Pro-Life Groups Denounce Ads for Abortion Pill
(CNSNews.com) - As abortion rights advocates prepare to run a six-month ad campaign promoting mifepristone, the abortion pill also known as RU-486, pro-life activists realize there is little they can do but remind women what the ads won't tell them.
The problem, they say, is that the print ads - which will run in Cosmopolitan, People and Vanity Fair, among other magazines - won't include details of the drug's potential side effects.
"This is extremely irresponsible to be promoting this dangerous drug without even warning women there are some consequences attached to it," said Wendy Wright, director of communications for Concerned Women for America.
The National Abortion Foundation, a professional group of abortion providers, is funding the $2-million ad campaign, which it hopes will reach more than 70 percent of women between 18 and 49 during its July-to-November run. Since the organization isn't tied to the pill's manufacturer, it doesn't have to follow FDA guidelines requiring disclosure of the drug's side effects.
"This isn't a pharmaceutical ad," NAF executive director Vicki Saporta told The Wall Street Journal. "We aren't a pharmaceutical company."
While they may not be illegal, such ad practices are misleading, pro-life supporters say.
"The sad thing for women is they won't get all the facts," said Heather Cirmo, a spokeswoman for the Family Research Council. "They're led into believing it's a quick fix.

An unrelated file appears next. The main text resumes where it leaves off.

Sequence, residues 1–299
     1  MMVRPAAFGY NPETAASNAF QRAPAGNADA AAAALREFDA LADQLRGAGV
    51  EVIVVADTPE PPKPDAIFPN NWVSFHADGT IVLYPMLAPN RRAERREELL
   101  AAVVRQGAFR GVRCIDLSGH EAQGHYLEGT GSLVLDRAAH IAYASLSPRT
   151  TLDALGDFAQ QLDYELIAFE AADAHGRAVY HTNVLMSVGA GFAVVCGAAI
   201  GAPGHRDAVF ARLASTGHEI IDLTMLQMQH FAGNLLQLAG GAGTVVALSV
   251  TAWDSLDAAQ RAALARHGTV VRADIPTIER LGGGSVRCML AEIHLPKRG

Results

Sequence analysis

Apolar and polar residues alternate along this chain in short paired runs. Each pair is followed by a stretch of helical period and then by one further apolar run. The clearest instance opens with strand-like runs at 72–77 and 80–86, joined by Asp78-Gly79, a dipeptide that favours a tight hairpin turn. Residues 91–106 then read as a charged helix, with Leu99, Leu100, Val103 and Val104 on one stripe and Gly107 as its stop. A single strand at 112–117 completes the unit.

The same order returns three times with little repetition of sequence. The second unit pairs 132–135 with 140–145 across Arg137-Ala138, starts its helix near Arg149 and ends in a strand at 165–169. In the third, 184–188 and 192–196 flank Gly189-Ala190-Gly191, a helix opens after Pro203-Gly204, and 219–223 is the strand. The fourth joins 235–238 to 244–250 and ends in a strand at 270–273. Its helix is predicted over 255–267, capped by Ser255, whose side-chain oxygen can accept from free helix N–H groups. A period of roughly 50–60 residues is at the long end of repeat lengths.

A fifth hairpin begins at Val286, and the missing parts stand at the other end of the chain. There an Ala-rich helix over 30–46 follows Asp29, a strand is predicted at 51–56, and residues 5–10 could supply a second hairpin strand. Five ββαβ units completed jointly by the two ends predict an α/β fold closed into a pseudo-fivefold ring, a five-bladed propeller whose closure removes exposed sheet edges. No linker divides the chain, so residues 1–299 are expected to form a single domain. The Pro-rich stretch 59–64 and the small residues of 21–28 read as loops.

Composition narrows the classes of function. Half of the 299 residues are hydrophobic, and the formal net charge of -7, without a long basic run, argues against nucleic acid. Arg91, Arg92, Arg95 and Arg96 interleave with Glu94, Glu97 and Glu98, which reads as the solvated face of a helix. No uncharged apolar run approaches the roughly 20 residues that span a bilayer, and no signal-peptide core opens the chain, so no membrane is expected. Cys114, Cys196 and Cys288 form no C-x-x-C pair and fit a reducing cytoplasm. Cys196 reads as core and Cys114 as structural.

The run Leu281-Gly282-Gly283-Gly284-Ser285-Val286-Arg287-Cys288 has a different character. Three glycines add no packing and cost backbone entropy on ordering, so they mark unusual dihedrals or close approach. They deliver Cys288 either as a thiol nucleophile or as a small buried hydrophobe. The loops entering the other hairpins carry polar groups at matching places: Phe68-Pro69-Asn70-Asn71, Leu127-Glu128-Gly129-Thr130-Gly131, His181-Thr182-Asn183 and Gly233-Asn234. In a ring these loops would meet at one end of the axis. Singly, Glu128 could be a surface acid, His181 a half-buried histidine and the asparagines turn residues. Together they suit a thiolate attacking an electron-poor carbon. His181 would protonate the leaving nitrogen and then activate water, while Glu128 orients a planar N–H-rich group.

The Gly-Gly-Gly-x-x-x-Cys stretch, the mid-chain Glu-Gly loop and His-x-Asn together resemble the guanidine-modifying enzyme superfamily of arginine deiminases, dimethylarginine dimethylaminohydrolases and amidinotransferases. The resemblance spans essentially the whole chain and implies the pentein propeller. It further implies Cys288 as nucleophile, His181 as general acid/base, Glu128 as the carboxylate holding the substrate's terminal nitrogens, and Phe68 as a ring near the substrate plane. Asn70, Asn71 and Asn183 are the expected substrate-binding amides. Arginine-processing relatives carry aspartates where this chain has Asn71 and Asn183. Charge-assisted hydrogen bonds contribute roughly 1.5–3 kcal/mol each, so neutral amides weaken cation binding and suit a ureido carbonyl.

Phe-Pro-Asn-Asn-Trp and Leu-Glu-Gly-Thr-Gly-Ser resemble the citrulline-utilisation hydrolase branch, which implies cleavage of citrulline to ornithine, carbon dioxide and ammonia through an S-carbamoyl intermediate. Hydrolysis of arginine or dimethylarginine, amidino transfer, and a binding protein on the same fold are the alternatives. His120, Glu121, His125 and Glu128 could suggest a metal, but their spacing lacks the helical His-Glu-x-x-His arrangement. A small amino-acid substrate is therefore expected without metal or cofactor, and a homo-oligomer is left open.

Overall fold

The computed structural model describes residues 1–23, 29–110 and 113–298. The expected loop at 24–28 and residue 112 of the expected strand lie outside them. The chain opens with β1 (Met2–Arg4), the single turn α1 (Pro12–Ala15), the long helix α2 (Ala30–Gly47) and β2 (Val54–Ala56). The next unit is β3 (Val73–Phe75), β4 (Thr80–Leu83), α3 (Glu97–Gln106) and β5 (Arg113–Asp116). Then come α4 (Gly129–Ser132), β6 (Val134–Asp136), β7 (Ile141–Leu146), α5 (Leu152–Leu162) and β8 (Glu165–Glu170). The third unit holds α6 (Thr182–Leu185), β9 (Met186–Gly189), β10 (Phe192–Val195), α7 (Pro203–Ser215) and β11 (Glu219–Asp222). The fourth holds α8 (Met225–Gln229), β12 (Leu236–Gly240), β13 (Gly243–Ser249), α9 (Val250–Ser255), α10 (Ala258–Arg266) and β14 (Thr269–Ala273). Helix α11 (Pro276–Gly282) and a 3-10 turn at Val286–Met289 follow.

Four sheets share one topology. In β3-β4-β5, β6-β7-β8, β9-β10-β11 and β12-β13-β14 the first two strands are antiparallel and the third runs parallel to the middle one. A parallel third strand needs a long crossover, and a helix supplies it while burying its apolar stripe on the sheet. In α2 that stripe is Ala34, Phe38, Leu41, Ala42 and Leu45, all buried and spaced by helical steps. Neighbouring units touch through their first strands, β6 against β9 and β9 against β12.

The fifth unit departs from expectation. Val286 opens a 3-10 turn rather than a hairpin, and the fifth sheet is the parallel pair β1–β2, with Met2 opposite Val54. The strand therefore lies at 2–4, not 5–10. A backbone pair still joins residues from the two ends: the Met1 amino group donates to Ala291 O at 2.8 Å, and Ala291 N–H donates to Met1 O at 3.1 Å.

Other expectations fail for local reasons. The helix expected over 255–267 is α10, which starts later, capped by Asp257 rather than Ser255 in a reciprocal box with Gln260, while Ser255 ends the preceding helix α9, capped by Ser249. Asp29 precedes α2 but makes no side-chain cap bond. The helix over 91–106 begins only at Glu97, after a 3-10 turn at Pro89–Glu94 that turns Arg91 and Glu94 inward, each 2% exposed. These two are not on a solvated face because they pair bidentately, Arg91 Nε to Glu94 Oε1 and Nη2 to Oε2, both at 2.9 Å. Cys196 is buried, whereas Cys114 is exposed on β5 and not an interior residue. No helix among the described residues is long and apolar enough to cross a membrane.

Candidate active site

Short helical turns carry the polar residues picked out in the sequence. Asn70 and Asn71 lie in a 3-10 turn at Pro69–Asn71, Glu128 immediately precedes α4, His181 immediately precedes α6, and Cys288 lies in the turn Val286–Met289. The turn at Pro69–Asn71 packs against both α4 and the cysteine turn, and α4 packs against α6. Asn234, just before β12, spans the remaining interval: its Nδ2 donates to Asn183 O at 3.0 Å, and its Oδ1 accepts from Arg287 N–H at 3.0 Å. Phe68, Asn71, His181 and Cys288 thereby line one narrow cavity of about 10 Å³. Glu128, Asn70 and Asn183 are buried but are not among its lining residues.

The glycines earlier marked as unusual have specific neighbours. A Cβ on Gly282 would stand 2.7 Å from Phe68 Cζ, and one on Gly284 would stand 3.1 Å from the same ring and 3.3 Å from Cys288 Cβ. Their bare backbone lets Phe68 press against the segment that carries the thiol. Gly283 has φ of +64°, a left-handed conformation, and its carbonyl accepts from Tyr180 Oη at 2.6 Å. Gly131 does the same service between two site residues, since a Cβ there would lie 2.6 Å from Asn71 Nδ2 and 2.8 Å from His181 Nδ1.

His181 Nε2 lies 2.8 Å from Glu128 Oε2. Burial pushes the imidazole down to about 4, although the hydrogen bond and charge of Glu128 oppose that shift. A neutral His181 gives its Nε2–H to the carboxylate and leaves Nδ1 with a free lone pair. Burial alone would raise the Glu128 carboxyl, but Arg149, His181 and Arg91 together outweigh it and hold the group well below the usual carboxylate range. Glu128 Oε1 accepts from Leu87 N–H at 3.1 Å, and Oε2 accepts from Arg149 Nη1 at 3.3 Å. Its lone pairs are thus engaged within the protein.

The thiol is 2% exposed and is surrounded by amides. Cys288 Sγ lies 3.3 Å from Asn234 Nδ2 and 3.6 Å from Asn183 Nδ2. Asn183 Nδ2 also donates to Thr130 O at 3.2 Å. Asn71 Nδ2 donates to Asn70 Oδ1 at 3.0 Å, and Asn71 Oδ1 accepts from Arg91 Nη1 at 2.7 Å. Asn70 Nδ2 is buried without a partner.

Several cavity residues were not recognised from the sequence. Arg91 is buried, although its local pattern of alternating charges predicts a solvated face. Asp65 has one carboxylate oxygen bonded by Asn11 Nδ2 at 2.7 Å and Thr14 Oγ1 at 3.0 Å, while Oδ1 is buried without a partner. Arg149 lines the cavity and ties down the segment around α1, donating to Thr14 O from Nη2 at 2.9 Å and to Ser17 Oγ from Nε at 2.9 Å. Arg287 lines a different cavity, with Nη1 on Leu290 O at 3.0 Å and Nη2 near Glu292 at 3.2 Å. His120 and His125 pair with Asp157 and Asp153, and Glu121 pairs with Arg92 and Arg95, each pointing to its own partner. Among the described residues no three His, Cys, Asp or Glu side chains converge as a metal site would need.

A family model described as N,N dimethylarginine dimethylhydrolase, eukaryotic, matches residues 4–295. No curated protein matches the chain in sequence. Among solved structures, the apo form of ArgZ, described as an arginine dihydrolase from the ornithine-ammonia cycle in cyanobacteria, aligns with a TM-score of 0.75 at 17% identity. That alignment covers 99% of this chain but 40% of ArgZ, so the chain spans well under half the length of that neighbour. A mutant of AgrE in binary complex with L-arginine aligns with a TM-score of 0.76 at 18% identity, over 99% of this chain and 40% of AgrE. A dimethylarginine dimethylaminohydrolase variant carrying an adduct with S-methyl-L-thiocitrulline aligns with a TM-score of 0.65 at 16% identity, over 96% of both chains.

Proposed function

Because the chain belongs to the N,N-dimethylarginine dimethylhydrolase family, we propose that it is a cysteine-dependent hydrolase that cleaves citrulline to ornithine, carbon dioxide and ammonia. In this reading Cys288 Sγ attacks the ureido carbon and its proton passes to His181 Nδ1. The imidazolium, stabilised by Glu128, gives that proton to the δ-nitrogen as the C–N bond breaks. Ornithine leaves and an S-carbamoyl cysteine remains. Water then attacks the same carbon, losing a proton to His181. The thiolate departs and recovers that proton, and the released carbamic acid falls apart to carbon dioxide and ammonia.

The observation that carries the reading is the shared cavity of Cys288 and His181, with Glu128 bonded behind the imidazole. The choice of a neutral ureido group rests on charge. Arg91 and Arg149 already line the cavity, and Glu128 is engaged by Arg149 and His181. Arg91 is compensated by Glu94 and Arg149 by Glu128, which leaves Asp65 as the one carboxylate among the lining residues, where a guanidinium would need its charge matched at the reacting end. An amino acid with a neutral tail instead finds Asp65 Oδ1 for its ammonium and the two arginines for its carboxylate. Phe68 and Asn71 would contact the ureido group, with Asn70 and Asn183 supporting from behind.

"It's not something that just makes your baby disappear. The baby passes through you, a potentially very traumatic experience, and that's something the abortion lobby doesn't come clean with for women," she said.
The controversial ad features a woman gazing out a window, along with the words, "You have the freedom to choose. And now, you have another safe abortion choice." The ad lists a hotline run by the abortion foundation.
"This isn't really marketing, it's education," Saporta told the Journal.
Experts expected the FDA's approval of the pill last fall to revolutionize abortion practices. But with less than a third of Planned Parenthood facilities providing it nationally, and with more women rejecting the complicated procedure of multiple medical visits required for the pill, RU-486's market penetration has been modest.
That has opponents believing the ad campaign is a desperate effort to revive popularity in a fading drug - the long-term effects of which are relatively unknown, they say.
"I would surmise the National Abortion Foundation is using RU-486 as a manipulative tool to try to create the image that women can have a so-called easy abortion," Wright said.
"We don't know what this could do to you. These women are being used as the guinea pigs."
See Earlier Story:
Pro-Life Group Responds to Abortion Pill Shipment (21 Nov. 2000)